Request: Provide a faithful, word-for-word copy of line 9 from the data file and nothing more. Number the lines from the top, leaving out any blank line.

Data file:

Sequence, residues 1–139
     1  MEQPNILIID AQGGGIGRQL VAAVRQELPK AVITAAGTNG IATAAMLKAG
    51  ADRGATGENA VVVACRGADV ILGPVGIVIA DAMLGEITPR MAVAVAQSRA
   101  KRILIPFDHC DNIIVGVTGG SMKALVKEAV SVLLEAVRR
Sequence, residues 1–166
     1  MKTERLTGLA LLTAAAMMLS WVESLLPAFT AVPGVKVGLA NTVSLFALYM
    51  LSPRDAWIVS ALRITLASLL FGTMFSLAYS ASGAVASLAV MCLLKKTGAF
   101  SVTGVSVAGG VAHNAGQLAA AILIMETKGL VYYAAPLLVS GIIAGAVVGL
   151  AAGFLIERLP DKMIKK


   151  AAGFLIERLP DKMIKK